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Wahls: Iowa City Rising

BY ZACH WAHLS | SEPTEMBER 17, 2013 5:00 AM

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On Monday, The Daily Iowan reported that local developers have again turned their eyes to downtown Iowa City with plans to potentially bring yet another high-rise to our skyline. Currently, concerned citizens are trying to delay the Chauncey, a high-rise that has been approved by the city but lacks a firm timeline. Despite the obstruction, however, most residents should agree that Iowa City — as with nearly all other urban environments — is better served by concentrated, high-rise development in downtown.

The upsides (pardon the pun) are clear and well-documented. There is a reason, after all, that New York City has been recently heralded as one of the greenest cities in America. (As if New Yorkers needed something else to be smug about …) On the environmental side, building up instead of out reduces the need for motor transportation, reducing per capita carbon footprints. It should be no surprise that taking the stairs and walking a block or two generates less carbon than driving to your closest Fareway or Hy-Vee.

Given the structure of Iowa City’s public-transportation system, with all routes starting and ending downtown, the more we have going on downtown, the better. It’s all the more incentive to use the bus, which, if you haven’t seen the somewhat snarky bumper sticker, takes dozens of cars off the road. And what about less parking congestion and lower carbon emissions? Pretty hard to argue with that.

Beyond environmental factors, there are also social and economic reasons to support concentrated development downtown. The Plaza Towers and the Chauncey both feature top-shelf upscale housing. Anyone concerned with the proliferation of bars downtown should welcome the potential boost to retail that more well-to-do residents could offer and that such high-rise buildings attract. In certain situations, some might cry “Gentrification,” given the current blend of residents in the area, but disruptive gentrification isn’t a serious concern.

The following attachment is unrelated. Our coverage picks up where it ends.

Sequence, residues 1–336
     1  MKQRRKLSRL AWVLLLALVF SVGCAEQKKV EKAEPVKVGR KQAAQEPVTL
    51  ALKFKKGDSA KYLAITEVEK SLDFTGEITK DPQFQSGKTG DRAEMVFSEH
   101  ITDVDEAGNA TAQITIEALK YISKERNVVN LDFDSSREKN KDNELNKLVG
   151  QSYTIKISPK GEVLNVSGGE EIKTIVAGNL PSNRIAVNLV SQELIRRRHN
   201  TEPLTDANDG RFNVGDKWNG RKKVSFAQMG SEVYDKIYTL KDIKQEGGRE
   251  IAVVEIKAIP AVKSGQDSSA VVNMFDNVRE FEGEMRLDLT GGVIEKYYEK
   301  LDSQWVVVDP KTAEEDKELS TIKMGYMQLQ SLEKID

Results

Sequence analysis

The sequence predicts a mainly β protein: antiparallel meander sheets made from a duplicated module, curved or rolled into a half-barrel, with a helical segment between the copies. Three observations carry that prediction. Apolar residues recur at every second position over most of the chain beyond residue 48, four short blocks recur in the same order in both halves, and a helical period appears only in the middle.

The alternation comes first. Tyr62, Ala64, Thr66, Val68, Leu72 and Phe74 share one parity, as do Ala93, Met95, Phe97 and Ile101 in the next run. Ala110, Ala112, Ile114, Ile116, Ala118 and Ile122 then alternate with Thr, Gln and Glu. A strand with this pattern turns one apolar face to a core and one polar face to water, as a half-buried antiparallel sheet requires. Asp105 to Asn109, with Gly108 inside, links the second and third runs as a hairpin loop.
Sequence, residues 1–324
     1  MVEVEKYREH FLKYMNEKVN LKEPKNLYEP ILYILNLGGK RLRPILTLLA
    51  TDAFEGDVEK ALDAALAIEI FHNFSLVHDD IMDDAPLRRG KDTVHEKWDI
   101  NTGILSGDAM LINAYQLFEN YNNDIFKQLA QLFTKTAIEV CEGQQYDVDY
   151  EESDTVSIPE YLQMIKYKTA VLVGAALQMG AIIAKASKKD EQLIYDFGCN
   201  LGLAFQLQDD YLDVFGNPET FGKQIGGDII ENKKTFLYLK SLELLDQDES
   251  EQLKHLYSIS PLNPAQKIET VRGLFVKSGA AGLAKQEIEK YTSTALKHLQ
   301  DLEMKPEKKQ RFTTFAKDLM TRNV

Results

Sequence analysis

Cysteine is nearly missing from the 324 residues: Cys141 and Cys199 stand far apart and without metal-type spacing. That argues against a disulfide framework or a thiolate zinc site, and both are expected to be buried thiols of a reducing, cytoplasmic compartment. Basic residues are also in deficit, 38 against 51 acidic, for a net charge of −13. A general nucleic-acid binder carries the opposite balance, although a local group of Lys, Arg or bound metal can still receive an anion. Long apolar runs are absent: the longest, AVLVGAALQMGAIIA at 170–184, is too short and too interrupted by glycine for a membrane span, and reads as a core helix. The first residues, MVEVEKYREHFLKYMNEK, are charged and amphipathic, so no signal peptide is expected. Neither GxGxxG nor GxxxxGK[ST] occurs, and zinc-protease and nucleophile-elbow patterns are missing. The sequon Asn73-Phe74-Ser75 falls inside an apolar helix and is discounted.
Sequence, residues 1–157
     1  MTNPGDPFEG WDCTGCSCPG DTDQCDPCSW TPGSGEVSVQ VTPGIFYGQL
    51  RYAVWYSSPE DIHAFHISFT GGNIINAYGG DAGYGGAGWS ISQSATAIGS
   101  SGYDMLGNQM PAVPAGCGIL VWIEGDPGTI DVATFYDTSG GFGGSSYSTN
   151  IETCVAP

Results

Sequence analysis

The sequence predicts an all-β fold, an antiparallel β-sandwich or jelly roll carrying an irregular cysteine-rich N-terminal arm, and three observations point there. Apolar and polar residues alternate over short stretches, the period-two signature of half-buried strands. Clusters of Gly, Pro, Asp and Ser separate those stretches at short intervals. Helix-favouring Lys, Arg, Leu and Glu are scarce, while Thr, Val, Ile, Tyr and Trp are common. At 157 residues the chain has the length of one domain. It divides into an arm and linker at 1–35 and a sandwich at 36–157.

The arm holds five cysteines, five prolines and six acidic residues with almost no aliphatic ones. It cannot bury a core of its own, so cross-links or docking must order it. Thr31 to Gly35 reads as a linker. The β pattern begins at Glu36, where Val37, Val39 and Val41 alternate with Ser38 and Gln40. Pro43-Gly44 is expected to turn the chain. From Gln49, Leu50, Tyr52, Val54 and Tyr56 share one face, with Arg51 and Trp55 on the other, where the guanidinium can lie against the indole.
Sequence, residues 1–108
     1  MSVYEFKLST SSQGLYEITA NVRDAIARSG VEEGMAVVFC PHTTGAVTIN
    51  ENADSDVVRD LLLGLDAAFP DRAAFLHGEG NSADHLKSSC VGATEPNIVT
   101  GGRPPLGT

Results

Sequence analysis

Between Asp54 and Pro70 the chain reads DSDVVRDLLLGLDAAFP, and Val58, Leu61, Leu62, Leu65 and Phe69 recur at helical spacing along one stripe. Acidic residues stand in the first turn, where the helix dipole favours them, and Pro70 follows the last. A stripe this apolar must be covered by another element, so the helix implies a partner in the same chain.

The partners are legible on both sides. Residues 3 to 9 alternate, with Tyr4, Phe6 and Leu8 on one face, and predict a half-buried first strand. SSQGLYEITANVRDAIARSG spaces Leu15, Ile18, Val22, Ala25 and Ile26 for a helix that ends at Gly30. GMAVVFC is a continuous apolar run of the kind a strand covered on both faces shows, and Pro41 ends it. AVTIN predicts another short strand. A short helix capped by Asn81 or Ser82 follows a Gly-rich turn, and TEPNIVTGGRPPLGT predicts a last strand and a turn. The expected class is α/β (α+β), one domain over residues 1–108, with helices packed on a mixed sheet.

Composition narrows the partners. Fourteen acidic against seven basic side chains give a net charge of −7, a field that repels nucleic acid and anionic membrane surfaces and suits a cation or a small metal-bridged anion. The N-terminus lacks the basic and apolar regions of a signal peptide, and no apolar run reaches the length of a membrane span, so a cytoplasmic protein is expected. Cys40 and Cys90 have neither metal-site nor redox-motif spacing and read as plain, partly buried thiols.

On the economic side, it is critical to note that these planned high-rises would bring more premium office space to downtown. More high-quality office space attracts businesses to the area and more importantly, brings their employees, too.

We’ve already seen this downtown and in the very recent past, when the University of Iowa single-handedly breathed new life into the Old Capitol mall. (Anyone remember Planet X?) With 1,000 employees now spending their lunch hours and commutes closer to downtown, foot traffic is up, and the mall is doing better than ever. And even though we’re starting to hear whispers of a Sycamore Mall-area renaissance — and as a Muscatine Avenue resident, my fingers are crossed — downtown remains the economic driver in our town. 

There are, of course, some downsides. Development isn’t always great, and it sometimes has unintended consequences. I know I’m not the only one who was deeply saddened by the closing of the Red Avocado. Although that situation was certainly different from the ones we’re looking at today, we should certainly keep in mind the prices we pay for new construction.

We should furthermore remain cautious about spending too much city money on redevelopment.

Development, after all, is a for-profit business, and those who are willing to risk their treasure on large-scale projects are often rewarded handsomely. While tax-increment funding (or TIF) can be helpful in the short run, over the long term, there are potentially dangerous consequences for taxpayers, residents, and anyone else who has a stake in the fiscal strength of our community.

We advance best when progress and skepticism go hand in hand. Progress without skepticism is dangerous, and skepticism without progress is pointless. It’s good that people are involved in these decisions and are offering their points of view in the public sphere. Yet, unless we are able to step back and look at the bigger picture, we risk missing the forest for the trees — the skyline for the buildings, as it were.


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